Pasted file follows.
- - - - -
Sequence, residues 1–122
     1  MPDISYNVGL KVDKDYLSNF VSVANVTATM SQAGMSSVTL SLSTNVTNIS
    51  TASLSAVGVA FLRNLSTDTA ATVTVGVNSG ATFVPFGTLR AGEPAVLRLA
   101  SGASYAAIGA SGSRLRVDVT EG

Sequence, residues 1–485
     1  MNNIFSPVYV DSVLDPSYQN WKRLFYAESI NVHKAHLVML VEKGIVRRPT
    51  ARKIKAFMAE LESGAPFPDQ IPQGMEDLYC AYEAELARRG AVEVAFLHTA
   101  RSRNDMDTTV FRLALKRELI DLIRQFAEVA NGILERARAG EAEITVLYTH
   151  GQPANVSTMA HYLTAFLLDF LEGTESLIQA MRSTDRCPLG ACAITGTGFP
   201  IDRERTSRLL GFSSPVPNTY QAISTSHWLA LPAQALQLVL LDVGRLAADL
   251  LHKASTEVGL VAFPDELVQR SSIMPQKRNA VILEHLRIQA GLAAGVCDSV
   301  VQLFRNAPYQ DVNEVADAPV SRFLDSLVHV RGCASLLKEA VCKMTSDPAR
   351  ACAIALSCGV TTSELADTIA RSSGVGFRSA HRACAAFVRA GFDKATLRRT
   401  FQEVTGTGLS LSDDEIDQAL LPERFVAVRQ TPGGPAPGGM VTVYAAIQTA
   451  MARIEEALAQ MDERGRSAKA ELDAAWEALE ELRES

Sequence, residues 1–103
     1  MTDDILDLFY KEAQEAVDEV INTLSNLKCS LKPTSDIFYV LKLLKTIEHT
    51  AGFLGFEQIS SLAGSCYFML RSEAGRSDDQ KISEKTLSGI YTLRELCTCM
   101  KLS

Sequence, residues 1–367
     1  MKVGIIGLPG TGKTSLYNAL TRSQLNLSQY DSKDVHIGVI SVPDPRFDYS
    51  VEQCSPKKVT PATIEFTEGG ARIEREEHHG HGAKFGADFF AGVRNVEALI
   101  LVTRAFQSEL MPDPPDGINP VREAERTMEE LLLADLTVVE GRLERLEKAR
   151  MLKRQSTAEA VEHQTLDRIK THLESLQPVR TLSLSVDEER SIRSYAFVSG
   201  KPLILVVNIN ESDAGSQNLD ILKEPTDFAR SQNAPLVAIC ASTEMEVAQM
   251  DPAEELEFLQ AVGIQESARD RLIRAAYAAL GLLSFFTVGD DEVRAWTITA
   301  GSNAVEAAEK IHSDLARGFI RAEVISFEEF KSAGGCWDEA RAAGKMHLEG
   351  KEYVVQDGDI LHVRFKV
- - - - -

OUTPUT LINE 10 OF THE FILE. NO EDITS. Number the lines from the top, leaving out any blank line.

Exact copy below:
   201  IDRERTSRLL GFSSPVPNTY QAISTSHWLA LPAQALQLVL LDVGRLAADL